My home is a penthouse apartment on the fourth storey of a modern apartment block in a northern suburb of Sydney, about 30 kms from the city. The useable area is about 100sqm so somewhat larger than most but 80% is tiled floor and there are a couple of large raised wall garden beds. While most other apartment balconies in my heavily built suburb have a potted ornamental or two such as a palm or annual blooms, my balcony sprouts herbs of many varieties tomatoes, potatoes, sweet potatoes, corn, lemons, kale, spinach, apples, figs, beetroot, lettuces, peaches, nectarines, carrots, Asian greens, radishes, strawberries, and much more. I produced close to 70kgs of fruit, vegetables and herbs over the last year. There’s generally enough vegetables for the two adults here all year-round. My apartment is part of a growing global movement of people involved in urban farming.

some of the garden pots

I have always had an interest in gardening modelled by parents who grew a lot of Asian vegetables and Tomatoes in our suburban home back in the 60’s and carrying that through to every home we have lived in from a small two bedroom flat with a tiny balcony crammed full of Geraniums and flowering plants to a beautiful productive backyard vegetable garden in our first house, to this penthouse apartment where we are now. Always growing, always reading and learning about plants, plant biology, pests, soils and listening to garden sages on podcasts and television.

In 2016 I completed a Permaculture Design Certificate and have adopted the practices and techniques to create the garden at Up On The Rooftop which has been a very interesting, creative and challenging exercise.  Accordingly each area of the Balcony is divided into a Zones and named by use – The Park, the Kitchen Garden, The Orchard, The Market Garden and The Meadow.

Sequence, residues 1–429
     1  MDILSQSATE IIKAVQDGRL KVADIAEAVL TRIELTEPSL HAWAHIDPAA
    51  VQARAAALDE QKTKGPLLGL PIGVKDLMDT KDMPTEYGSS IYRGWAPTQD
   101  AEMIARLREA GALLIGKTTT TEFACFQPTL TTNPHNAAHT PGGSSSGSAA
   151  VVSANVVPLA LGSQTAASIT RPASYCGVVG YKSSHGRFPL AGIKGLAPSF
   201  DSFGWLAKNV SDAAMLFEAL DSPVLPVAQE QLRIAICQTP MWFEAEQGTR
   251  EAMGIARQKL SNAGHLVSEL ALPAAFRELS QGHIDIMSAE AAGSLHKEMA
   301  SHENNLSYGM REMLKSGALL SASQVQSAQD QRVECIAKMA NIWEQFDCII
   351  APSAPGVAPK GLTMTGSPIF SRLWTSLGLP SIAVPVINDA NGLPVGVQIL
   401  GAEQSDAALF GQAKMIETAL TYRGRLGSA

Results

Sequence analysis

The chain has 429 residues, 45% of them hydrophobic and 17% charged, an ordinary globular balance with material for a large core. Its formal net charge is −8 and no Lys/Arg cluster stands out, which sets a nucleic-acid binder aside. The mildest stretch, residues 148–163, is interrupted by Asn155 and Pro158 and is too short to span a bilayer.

I’ve created a closed loop system whereby kitchen and garden waste is recycled as much as possible going back into compost bins, both homemade and commercial, and two large Hungry bin worm farms. Worm leachate goes back into the system as fertiliser. Potting soil is amended and reused using my homemade composts and the occasional fish carcasses from a fly-fishing friend. I even have the capacity to compost the scraps of a neighbour in the apartment block as well!

composting up on the rooftop

With two hives of Native Stingless Bees up here and frequent visitors from many solitary and honey bees, beetles, slugs, butterflies and other insects I’ve tried to create a balanced ecosystem including nourishing the microbiome in the soil. The Balcony Meadow is planted out with self seeding flowers under a large Frangipani tree. I wrote about this in a Blog on my website and it forms part of the urban B&B Highway Rest-Stop referred to by Judy Friedlander from the UTS Institute for Sustainable Futures.

My journey up here is to promote urban farming and make it accessible and achievable for everyone who has the space for one pot! I believe that it is one of the most important movements of our time! the influence of urban farming is uniquely widespread because more people live in cities than rural areas and food is a central necessity that affects everything at once. The seeds of change are already being planted in homes like mine across the world. For these seeds to grow and blossom, we need to demand more local food so that the market for urban-grown produce expands. We also need to put pressure on our legal system to allow easier local trade and more local food production. Imagine if we grew food instead of grass. Every community is a local food economy waiting to come to life. The answer to climate change, the health crisis, and the recession economy is right outside your door. I’ll meet you at the garden fence.

You can follow my journey  on Instagram @up_on_the_rooftop

Wendy Siu-Chew Lee